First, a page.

David Byrne, Seymour Stein, and Madonna at the 11th Annual Rock & Roll Hall of Fame Induction Dinner
at the Waldorf Astoria Hotel in New York City, New York. (Kevin Mazur/WireImage/Getty Images)
Thirty years ago, in 1983, Sire Records put out a debut album by a little known club dancer and singer named -- you guessed it -- Madonna. Obviously, we know now that this was a pretty good move. But back then, it was the label’s chairman and co-founder, Seymour Stein, who took a chance on this fledgling young artist.
In an interview with Soundcheck host John Schaefer, Stein talks about how he discovered and signed Madonna, and her early days as a recording artist.
Seymour Stein, on first listening to Madonna's demo:
I was in hospital at the time with an infection in my heart. It was the early days of the Walkman, and I was listening to music constantly, and I heard the demo of "Everybody," and it blew me away.
On Madonna visiting him in the hospital, hoping to sign a contract:
I could tell right away, she couldn't have cared if I was laying in the bed in a coffin, as long as I could sign a contract. She was as anxious to see me and get herself started as I was to see her. That was very very impressive to me.
On Warner Bros.' initial reaction to his efforts to sign Madonna:
I was shocked that I had a lot of opposition at Warner Bros. from the very top -- from Mo Ostin, who was the chairman of the company, and also from their head lawyer at the time, David Berman -- they didn't hear it at all. Fortunately, I reached out for support from the head of international at Warner's, Nesuhi Ertegun... and he said, whatever it costs, we'll pay it. I knew right away that Madonna not only would be big in America, but probably even bigger outside of America.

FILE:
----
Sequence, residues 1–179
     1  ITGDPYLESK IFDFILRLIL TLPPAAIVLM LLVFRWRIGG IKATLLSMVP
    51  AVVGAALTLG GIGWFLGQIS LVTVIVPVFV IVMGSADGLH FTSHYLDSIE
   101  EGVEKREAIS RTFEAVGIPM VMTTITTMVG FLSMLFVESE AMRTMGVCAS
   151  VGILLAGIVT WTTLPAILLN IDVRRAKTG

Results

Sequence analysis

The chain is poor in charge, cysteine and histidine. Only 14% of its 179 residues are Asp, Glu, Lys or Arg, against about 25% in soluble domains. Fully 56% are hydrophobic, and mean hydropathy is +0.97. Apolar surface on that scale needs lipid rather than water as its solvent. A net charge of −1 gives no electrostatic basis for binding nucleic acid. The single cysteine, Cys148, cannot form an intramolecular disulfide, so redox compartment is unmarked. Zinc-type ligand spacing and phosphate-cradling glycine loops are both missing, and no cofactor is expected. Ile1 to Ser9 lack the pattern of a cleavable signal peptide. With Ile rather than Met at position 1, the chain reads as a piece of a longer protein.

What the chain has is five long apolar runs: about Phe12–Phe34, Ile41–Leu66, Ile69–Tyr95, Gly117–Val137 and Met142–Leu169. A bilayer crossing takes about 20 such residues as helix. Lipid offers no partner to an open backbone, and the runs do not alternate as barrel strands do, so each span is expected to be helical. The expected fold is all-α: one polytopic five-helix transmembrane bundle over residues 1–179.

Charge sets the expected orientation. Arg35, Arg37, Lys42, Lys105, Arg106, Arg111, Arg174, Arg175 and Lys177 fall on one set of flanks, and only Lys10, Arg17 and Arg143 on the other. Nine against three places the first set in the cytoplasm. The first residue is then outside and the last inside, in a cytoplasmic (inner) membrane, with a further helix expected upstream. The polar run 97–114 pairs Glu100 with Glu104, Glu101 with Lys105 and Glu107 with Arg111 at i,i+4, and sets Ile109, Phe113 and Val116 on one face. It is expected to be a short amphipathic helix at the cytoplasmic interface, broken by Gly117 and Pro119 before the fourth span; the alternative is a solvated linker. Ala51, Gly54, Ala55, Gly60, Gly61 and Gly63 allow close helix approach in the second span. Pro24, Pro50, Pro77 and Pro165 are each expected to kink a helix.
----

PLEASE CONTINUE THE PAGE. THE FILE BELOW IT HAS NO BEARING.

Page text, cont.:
On when he really knew that Madonna would be a big success:
I remember when we put out "Borderline"... listening to that record, it sent shivers up my spine. I knew from that day on there was no turning back. If you can believe this, some people ask me... when I met her in the hospital room, that I knew that young woman would be the Madonna that she became. And of course I didn't. I knew she was great. I knew that she had drive and great talent. But it was "Borderline," that song, the fourth single, that I knew there was no looking back. Just clear the decks.